Nassim discusses “how ‘evidence’ about the risk of terrorism as shown in the NYT and by BS vending journos makes no sense statistically” and “explains the difference between classes using principles of Extreme Value Theory EVT without any math.”
This tutorial presents the intuitions of the randomness of sample correlation (spurious correlation) and the methodologies in derivations.
Some later sections are somewhat technical as rederived an old equation with more precise functions (in order to apply to fat tails) and showed the distribution of the maximum of d variables with n points per variable.
This paves the way to the real scientific work on random matric theory under fat tails and failure of Marchenko-Pastur.
In this video, Nassim provides a general presentation of his research, in which he debunks Pinker’s faulty statistics in his book on violence (The Better Angels of Our Nature: Why Violence Has Declined).
Found on Nassim’s facebook page.
Thanks to QuantLabs.net for the link.
Quickly recorded. You do not decrease tail risk by increasing benefits, you decrease tail risk by decreasing tail risk.
What can we learn from Mr Dawkins’ errors and misuse of probability?
“Micro-Mooc on a paper by Taleb and Tetlock (one manifestation of the LUDIC FALLACY). There are serious statistical differences between predictions, bets, and exposures that have a yes/no type of payoff, the “binaries”, and those that have varying payoffs, which we call the “vanilla”. Real world exposures tend to belong to the vanilla category, and are poorly captured by binaries. Yet much of the economics and decision making literature confuses the two. Vanilla exposures are sensitive to Black Swan effects, model errors, and prediction problems, while the binaries are largely immune to them. The binaries are mathematically tractable, while the vanilla are much less so. Hedging vanilla exposures with binary bets can be disastrous–and because of the human tendency to engage in attribute substitution when confronted by difficult questions,decision-makers and researchers often confuse the vanilla for the binary.”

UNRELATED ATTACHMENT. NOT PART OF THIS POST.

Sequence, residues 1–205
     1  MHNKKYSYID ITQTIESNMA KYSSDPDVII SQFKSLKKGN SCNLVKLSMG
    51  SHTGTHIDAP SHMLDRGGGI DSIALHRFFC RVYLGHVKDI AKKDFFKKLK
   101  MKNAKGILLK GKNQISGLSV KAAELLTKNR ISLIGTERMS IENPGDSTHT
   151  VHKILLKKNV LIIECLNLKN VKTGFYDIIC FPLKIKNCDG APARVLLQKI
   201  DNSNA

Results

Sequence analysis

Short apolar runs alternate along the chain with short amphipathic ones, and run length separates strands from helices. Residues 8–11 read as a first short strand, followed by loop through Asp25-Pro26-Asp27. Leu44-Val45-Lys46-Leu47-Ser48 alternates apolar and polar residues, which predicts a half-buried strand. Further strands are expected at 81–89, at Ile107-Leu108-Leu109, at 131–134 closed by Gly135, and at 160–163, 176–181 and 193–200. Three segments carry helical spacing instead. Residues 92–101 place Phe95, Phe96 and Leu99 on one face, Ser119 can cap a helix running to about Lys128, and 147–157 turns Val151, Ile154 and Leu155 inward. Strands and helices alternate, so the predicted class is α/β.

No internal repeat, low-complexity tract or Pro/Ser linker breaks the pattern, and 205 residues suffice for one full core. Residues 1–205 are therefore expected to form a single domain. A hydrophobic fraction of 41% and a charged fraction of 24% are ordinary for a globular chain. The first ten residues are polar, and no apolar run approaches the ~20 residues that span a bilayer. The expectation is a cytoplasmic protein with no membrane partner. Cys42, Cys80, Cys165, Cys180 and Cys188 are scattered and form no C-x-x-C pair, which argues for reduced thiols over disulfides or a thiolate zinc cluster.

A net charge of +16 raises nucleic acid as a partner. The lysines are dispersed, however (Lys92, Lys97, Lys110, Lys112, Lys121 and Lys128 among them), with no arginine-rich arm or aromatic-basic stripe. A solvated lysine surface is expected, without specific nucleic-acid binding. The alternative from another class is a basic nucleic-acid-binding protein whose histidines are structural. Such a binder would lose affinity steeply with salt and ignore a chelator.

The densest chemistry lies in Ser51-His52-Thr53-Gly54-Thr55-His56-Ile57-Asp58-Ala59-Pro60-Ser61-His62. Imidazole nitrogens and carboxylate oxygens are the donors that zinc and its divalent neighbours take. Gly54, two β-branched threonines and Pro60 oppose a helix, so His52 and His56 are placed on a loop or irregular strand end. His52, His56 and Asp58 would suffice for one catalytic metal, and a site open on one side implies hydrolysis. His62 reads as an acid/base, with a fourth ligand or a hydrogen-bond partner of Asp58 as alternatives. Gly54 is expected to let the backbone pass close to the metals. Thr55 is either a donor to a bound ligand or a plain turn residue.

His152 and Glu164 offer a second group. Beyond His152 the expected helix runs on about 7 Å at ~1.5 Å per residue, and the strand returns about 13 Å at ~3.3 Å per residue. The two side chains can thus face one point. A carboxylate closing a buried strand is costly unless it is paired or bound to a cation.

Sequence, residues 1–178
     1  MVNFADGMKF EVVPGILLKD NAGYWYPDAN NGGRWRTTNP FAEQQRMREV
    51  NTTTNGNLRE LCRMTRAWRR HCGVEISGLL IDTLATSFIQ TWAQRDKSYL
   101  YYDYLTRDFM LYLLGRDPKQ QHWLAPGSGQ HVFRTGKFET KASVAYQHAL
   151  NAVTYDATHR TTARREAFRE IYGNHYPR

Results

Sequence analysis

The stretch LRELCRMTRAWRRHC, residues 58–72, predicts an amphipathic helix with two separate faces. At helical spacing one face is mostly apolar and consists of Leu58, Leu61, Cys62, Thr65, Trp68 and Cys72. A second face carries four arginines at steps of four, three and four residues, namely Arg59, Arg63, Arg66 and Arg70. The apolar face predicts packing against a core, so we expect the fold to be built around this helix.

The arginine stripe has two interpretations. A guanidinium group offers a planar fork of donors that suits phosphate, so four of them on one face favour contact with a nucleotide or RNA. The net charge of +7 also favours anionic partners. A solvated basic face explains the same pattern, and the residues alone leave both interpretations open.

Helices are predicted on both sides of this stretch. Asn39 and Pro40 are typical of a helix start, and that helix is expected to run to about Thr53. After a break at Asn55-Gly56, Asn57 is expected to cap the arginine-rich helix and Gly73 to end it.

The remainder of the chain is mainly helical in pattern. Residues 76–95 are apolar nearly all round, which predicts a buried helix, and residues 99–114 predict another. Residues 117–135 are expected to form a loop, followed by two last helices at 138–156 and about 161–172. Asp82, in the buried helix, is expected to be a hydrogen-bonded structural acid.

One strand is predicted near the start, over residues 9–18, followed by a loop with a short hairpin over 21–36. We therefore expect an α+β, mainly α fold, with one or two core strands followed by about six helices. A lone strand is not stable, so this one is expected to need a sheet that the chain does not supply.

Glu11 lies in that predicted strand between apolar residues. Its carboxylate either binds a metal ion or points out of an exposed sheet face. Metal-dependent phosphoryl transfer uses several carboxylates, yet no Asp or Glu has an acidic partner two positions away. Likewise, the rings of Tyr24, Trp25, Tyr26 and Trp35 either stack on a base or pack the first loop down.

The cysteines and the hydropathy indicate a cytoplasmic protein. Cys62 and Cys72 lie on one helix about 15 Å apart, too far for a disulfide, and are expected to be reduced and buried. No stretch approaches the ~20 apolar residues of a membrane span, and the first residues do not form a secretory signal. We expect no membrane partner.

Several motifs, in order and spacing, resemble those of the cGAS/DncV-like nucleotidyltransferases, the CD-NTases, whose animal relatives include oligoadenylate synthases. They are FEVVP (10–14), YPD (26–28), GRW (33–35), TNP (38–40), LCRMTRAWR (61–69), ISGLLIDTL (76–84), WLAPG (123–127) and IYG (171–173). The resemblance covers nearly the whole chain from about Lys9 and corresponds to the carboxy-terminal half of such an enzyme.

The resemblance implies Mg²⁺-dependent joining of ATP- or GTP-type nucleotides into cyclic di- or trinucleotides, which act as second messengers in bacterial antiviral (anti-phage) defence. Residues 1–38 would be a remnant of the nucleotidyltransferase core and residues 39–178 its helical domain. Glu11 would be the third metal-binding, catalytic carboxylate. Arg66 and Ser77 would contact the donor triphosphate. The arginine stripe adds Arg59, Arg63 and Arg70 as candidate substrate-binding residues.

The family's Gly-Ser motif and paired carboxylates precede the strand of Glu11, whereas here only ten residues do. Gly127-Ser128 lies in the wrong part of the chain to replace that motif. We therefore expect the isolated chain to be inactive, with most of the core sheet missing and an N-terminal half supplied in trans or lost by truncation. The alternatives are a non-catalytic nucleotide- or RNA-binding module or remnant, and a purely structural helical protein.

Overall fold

The paper is here: http://papers.ssrn.com/sol3/papers.cfm?abstract_id=2284964
More general Fat Problems with Tails: http://www.fooledbyrandomness.com/FatTails.html
Micro Mooc #3. The law of large numbers is the most important thing in life and science. It is the basis of epistemology and problem of induction. How many observations do you need to know if something is true? We get into the plumbing and show how it is too slow under fat tails. This is a simplified (but technical) presentation of a segment of “Probability and Risk in the Real World”, the Technical Companion for The Black Swan http://www.fooledbyrandomness.com/FatTails.html
A quick tutorial introducing the idea of Fat Tails in about 8 minutes, as simply as possible. Fat Tails make us understand the world much less than we think; they make much of the quantitative results in social “science” anecdotal (or worse, negative information).
The main (more complicated) text is at http://www.fooledbyrandomness.com/FatTails.html